There will now almost certainly be a bidding war, which could lead to a holiday for MLAs who, as often happens in state polls, may be virtually locked up in comfortable holiday locations (see below) without mobile and internet connections to keep them away from rival parties.

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A tweet from Kerala Tourism jokingly advertising the state as a location for MLA lock-ups!

The governor’s apparent decision to invite the BJP, as the largest single party, and not the Congress-JDS, to have the first stab at forming a coalition was highly controversial.

The Congress-JDS claimed they should be invited first, citing the precedent of what has happened when the BJP has run roughshod in the past 14 months over Congress majorities in the states of Goa, Manipur and Meghalaya to impose its rule with the help of subservient governors.

Modi wants to secure Karnataka to keep his momentum going in the run-up to the  general election. If the BJP wins, it will be ruling in 23 states, leaving Congress with just three – Punjab, Mizoram and Puducherry

There was a high 72% voter turnout with Congress winning 37.9%, the BJP 36.2% and the JDS 18.4%. The Congress was widely expected to do badly because of considerable unhappiness about its record in power with extensive corruption and poor performance.  

BJP mining corruption

The BJP fielded candidates linked to the corruption-hit mining industry that led to a scandal when the party was last in government, centred on the Reddy brothers, one of whom was a BJP minister. Modi, who frequently claims that he is stamping out corruption, even seemed to exonerate those involved in the scandal by criticising Congress for projecting the region “as inhabited by robbers and thieves”.

Both Modi – and Rahul Gandhi who is trying to establish himself as a vote winner for the party of which he is now the dynastic head – campaigned extensively. Figures calculated by television channels suggest that Modi had a better strike rate in terms of votes than Gandhi, and that Modi’s electioneering combined with that Amit Shah, the BJP president, and Yogi Adityanath, the controversial Hindu priest-turned politician who is chief minister of Uttar Pradesh, won widespread support, especially among young voters.

Yesterday Modi made what might be the last ministerial changes before the polls. Piyush Goyal, the minister for railways (and previously power), has been given temporary additional charge of the finance ministry while Arun Jaitley, the finance minister since 2014, recovers from a kidney transplant operation. In another move, Smriti Irani, an accident-prone former model and film actress, lost her job as information and broadcasting minister after a series of gaffes – in 2016, she similarly lost the key human resources ministry.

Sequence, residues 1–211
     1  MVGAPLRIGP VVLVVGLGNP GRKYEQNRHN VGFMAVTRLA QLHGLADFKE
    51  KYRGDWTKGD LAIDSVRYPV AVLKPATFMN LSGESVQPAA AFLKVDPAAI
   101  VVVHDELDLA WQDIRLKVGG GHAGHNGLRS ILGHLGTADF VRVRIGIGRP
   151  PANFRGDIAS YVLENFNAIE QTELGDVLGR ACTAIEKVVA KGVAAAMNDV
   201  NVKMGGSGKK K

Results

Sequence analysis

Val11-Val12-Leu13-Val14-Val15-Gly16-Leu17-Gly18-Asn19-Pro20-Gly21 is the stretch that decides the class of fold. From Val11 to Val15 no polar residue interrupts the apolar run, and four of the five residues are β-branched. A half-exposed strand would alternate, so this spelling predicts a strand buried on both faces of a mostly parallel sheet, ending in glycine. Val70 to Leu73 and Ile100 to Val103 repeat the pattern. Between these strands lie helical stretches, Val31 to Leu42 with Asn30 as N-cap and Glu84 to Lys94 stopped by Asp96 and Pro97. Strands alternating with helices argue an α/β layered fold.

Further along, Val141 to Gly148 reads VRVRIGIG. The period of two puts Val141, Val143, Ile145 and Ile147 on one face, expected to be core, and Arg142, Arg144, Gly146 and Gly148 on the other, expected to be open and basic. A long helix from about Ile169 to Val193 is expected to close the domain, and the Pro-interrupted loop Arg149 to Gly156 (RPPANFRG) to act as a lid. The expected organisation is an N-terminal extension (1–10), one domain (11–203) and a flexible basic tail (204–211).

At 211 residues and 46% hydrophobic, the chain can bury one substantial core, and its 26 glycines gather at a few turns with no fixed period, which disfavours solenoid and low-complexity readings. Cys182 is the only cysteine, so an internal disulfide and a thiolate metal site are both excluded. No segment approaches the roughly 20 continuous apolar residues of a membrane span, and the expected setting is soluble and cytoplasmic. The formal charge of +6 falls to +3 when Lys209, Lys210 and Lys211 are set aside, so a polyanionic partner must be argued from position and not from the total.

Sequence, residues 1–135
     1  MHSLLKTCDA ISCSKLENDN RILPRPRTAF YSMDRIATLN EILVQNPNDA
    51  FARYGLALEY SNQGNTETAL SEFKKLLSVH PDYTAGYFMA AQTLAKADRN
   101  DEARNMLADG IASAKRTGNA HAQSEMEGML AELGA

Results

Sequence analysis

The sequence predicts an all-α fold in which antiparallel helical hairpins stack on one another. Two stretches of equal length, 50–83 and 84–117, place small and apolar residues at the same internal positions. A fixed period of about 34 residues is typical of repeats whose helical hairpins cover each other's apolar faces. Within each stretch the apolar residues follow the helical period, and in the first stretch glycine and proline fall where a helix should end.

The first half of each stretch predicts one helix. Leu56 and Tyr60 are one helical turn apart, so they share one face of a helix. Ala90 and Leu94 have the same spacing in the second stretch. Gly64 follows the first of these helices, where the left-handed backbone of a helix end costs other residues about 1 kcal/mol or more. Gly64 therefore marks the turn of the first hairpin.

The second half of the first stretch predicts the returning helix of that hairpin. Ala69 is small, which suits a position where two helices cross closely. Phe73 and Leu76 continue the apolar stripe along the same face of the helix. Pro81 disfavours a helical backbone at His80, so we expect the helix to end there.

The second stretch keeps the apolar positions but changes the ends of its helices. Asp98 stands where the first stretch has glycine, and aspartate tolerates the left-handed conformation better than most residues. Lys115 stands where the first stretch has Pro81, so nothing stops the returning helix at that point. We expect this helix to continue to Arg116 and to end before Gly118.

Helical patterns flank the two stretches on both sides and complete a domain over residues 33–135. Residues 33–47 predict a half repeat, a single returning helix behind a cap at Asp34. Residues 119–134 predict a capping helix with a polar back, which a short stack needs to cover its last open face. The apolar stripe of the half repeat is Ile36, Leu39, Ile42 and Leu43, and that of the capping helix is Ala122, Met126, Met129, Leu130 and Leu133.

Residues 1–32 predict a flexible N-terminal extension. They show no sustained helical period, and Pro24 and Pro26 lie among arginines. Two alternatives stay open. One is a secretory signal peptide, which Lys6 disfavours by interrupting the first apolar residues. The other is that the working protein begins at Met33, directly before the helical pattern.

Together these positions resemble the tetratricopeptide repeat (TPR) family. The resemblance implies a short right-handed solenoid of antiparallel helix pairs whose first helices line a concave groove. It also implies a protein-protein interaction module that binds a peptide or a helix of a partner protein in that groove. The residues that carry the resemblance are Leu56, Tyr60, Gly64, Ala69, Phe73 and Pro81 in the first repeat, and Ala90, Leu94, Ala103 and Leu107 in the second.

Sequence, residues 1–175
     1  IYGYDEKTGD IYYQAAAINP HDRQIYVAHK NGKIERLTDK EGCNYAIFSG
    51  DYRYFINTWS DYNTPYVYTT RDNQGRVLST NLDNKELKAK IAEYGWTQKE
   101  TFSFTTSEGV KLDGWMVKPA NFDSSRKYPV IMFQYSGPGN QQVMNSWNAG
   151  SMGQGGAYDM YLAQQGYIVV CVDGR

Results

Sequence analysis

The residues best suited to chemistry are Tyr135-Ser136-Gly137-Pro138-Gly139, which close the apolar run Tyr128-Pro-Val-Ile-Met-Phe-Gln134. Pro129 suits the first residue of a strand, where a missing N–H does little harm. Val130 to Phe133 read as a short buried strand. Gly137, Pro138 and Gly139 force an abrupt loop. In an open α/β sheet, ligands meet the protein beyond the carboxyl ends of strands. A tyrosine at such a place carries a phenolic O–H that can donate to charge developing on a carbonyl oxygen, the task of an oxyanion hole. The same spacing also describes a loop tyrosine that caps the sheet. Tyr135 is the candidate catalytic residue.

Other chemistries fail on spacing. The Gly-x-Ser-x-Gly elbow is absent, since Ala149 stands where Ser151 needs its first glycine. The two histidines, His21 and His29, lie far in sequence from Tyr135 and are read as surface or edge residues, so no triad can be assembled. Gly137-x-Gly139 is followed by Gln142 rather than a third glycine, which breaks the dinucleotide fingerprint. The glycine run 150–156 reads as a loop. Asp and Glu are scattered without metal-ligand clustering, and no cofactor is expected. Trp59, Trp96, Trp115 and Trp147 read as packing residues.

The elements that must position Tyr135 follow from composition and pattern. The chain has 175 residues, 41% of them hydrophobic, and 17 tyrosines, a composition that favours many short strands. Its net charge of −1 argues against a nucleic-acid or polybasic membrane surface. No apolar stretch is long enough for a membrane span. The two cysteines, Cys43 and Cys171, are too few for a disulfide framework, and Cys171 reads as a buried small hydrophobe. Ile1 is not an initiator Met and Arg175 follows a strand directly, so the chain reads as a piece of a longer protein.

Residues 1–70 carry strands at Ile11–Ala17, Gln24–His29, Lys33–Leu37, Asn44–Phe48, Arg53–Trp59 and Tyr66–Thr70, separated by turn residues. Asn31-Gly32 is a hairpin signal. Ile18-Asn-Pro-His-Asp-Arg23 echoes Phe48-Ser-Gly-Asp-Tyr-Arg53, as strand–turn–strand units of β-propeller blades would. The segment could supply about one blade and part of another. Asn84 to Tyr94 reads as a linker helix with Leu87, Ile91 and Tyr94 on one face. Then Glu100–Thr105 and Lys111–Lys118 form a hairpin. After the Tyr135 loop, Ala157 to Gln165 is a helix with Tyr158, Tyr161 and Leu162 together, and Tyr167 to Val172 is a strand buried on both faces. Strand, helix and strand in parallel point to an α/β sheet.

The Karnataka vote shows that Modi still has pulling power with voters who want a change from their current governments. He has sometimes not done so well in other state polls where the BJP is currently in power – for example in Gujarat last December where the BJP won the assembly election but with fewer seats, and in Uttar Pradesh by-elections where it lost seats. But he still has the power to win, which will be tested nationally in a year’s time.

Posted by: John Elliott | April 30, 2018

Xi Jinping and Narendra Modi start talking again

Friendly photo-ops in Wuhan 

While the world was focussed over the weekend on the historic meeting of the Korean peninsula’s two leaders, the president and prime minister of Asia’s two biggest countries were holding a rare high profile meeting that could herald a period of improved relations.

India’s Narendra Modi flew to the Chinese city of Wuhan on April 27 for an informal two-day summit with Xi Jinping, China’s president, after confrontations dating back to last summer on their disputed border high in the Himalayas, plus angry exchanges and threats exchanged between spokesmen and commentators.

modi-xi-wuhan_650x400_71524905642Nothing of major long-term significance was achieved, though good words were exchanged about “peace and tranquillity”. There were none of the multi-billion joint agreements and memoranda of understanding that usually accompany summits – a fact that may point to the seriousness of the get-together.

It was however agreed there there would be a joint India-China economic project (yet to be identified) in Afghanistan, which is important because the two countries are both active there but have not co-operated.

There also seems to be some understanding about India’s refusal so far to join in with China’s massive Belt and Road Initiative (BRI) international infrastructure plan linking Asia with Europe. China’s vice foreign minister, Kong Xuanyou, said after the talks that he did not think it was “important to see if India accepts the expression of the BRI”.

Both men played to each other’s substantial ego with photo opportunities. Modi revels in travelling the world for photo-op meetings – a week before Xi, he was with Queen Elizabeth and, (less relevantly) prime minister Theresa May, plus 51 other Commonwealth leaders in London.